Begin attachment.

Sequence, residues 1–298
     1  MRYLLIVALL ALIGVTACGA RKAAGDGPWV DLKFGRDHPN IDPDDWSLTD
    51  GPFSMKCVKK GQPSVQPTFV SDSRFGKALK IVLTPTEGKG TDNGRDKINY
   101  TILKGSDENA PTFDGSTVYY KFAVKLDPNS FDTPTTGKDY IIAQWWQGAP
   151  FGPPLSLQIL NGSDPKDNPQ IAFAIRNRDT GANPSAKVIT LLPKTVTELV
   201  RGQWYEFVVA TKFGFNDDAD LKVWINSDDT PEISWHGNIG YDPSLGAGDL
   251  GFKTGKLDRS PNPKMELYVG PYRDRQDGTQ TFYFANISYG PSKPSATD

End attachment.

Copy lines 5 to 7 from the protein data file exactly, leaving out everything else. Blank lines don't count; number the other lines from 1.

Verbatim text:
   151  FGPPLSLQIL NGSDPKDNPQ IAFAIRNRDT GANPSAKVIT LLPKTVTELV
   201  RGQWYEFVVA TKFGFNDDAD LKVWINSDDT PEISWHGNIG YDPSLGAGDL
   251  GFKTGKLDRS PNPKMELYVG PYRDRQDGTQ TFYFANISYG PSKPSATD